Harrowing video film backs Afghan villagers’ claims of carnage caused by US troops

As the doctor walks between rows of bodies, people lift funeral shrouds to reveal the faces of children and babies, some with severe head injuries.

Women are heard wailing in the background. “Oh God, this is just a child,” shouts one villager. Another cries: “My mother, my mother.”

The grainy video eight-minute footage, seen exclusively by The Times, is the most compelling evidence to emerge of what may be the biggest loss of civilian life during the Afghanistan war.

These are the images that have forced the Pentagon into a rare U-turn. Until yesterday the US military had insisted that only seven civilians were killed in Nawabad on the night of August 21.

Last night the Pentagon announced that it was reopening the investigation in the light of “emerging evidence” and was sending an officer to Nawabad to review its previous inquiry. Villagers and the UN insist that 92 were killed, including as many as 60 children. Locals say that the US and Afghan troops who came into the village looking for a Taleban commander, with US air support, used excessive force.

In the video scores of bodies are seen laid out in a building that villagers say is used as a mosque; the people were killed apparently during a combined operation by US special forces and Afghan army commandos in western Afghanistan. The film was shot on a mobile phone by an Afghan doctor who arrived the next morning.

Local people say that US forces bombed preparations for a memorial ceremony for a tribal leader. Residential compounds were levelled by US attack helicopters, armed drones and a cannon-armed C130 Spectre gunship.

However, US commanders and Pentagon officials have said repeatedly that seven civilians died alongside 35 Taleban militants during a legitimate combat operation, the target of which was a meeting of Taleban leaders.

The villagers’ accounts have been supported by separate investigations conducted by the UN, by Afghanistan’s leading human rights organisation and by an Afghan government delegation. Two Afghan army officers involved in the operation have been dismissed.

The Pentagon’s original investigation concluded last week that US forces used close air support after coming under heavy fire during a mission to seize a Taleban commander named Mullah Sadiq. They allege that he died in the operation.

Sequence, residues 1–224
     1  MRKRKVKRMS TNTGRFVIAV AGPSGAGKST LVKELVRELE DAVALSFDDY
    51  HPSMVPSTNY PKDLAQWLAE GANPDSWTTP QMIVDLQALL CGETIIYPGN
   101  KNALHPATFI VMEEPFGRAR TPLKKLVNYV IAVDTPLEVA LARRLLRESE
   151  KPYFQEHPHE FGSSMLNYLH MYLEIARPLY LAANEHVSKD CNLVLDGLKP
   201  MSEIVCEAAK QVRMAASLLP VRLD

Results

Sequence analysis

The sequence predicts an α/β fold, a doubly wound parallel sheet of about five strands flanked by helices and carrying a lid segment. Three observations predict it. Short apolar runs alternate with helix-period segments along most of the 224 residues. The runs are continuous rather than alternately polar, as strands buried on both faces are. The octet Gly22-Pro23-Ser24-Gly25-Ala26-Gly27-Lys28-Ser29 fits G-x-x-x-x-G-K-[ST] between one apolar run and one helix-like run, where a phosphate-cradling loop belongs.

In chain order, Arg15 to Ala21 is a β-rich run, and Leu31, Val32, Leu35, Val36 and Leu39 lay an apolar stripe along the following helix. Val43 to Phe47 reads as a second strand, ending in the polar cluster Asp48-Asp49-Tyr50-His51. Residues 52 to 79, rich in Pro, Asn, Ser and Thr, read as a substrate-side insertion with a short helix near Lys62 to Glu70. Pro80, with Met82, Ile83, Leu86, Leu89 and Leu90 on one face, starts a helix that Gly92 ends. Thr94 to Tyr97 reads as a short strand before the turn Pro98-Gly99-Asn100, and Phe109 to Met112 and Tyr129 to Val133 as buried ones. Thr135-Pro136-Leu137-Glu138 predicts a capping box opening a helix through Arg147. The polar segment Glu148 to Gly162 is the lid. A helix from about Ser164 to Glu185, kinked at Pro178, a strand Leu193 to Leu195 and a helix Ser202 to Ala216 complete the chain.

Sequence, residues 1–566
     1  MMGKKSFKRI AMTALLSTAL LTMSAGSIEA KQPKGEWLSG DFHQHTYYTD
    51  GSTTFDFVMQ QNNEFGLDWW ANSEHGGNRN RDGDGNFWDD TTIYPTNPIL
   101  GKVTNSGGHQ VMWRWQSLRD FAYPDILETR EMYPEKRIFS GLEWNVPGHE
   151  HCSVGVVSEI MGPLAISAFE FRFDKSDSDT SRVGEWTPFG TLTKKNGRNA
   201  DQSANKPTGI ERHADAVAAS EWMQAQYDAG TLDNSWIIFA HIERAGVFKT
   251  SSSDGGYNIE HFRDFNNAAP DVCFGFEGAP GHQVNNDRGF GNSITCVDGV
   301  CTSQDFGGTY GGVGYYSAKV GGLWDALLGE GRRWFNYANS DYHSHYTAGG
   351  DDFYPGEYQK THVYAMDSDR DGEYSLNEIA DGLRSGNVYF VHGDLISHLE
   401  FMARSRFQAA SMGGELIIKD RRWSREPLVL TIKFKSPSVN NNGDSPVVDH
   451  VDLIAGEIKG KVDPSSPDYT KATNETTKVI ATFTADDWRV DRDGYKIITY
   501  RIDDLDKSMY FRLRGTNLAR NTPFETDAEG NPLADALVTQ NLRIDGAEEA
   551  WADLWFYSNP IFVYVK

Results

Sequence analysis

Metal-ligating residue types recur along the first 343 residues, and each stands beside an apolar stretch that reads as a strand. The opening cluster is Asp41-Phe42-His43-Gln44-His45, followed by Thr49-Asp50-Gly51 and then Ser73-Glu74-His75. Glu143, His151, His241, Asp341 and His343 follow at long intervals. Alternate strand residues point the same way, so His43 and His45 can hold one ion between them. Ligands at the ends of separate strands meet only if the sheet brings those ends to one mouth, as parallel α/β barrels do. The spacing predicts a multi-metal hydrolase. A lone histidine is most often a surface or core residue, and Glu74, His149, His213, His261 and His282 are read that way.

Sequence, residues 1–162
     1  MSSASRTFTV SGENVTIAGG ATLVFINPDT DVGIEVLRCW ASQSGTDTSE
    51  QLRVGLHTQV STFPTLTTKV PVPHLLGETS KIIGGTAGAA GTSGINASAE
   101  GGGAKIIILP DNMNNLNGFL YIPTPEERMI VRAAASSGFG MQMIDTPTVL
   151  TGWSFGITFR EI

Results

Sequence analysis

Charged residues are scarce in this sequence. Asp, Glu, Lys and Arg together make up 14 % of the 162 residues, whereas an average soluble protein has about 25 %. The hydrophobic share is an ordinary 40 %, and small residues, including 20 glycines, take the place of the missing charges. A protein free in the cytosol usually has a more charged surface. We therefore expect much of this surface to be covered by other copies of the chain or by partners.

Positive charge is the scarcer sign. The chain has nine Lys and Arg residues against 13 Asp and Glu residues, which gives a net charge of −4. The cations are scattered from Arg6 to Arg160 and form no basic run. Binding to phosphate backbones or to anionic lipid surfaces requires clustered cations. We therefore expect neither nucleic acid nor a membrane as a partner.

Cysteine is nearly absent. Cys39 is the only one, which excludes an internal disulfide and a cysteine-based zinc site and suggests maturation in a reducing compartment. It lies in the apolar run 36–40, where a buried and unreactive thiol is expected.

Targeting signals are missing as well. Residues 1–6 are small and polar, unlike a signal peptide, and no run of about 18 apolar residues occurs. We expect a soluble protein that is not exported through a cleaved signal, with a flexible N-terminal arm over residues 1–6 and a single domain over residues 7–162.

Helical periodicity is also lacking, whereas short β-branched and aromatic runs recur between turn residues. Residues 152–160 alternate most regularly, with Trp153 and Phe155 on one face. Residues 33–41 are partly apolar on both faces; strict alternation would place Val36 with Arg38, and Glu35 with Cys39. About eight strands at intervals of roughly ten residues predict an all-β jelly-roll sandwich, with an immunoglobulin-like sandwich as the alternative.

The US military said that its findings were corroborated by an independent journalist embedded with the US force. He was named as the Fox News correspondent Oliver North, who came to prominence in the 1980s Iran-Contra affair, when he was an army colonel.

Sources close to one of the investigations said that a video film was shot by Afghan officials the morning after the attack. It corroborates the doctor’s footage but has not been made public.

In a statement released on Saturday, the commander of Nato forces, General David McKiernan, appeared to back away from previous US accounts. He said: “Following the recent operation in Azizabad, Shindand district, we realise there is a large discrepancy between the number of civilian casualties reported by soldiers and local villagers. I remain responsible to continue to try and account for this disparity in numbers, but above all I want to express our heartfelt sorrow to all families that lost loved ones in this firefight.”

A Human Rights Watch report due to be published today is highly critical of US and Nato forces in Afghanistan for the number of civilians killed in airstrikes. It gives warning that repeated instances of Western forces killing Afghan civilians have led to a collapse in popular support for the international presence.

Taking what it says are the most conservative figures available, Human Rights Watch has calculated that civilian deaths as a result of Western airstrikes tripled between 2006 and 2007 to 321. In the first seven months of this year the figure was 119. In the same period, 367 civilian deaths were attributed to Taleban attacks. It accuses US officials of routinely denying reports of civilian deaths.

Maulavi Gul Ahmad, an Afghan MP who was part of a government delegation that investigated the Nawabad attack, told The Times: “We are not only blaming America – this is destroying the reputation of the international community and undermining their presence in Afghanistan.”

Other Afghan investigators alleged that US forces had been duped into attacking the village by tribal figures involved in a local feud.

Civilian casualties in Afghanistan

December 2001
US aircraft attack a convoy taking tribal leaders to the inauguration of new Afghan Government. About 60 killed; US claims al-Qaeda leaders among them

July 2002
46 die, many from same family, when a wedding party in Uruzgan province is bombed in error

October 26, 2006
Between 40 and 85 civilians are killed in airstrikes and mortar bombardments around the settlement of Zangawat in Kandahar province

March 2007
19 people are killed and 50 wounded when US Marine Special Forces fire on civilians after a suicide attack in Shinwar, eastern Afghanistan. The US military apologises and pays compensation to the families

July 6, 2008
47 civilians, including 39 women and children attending a wedding party, are killed by a US airstrike in Nangarhar province, an Afghan government investigating team claims

Sources: Times archive, agencies

Tom Coghlan in Kabul
September 8, 2008

Source: The Times

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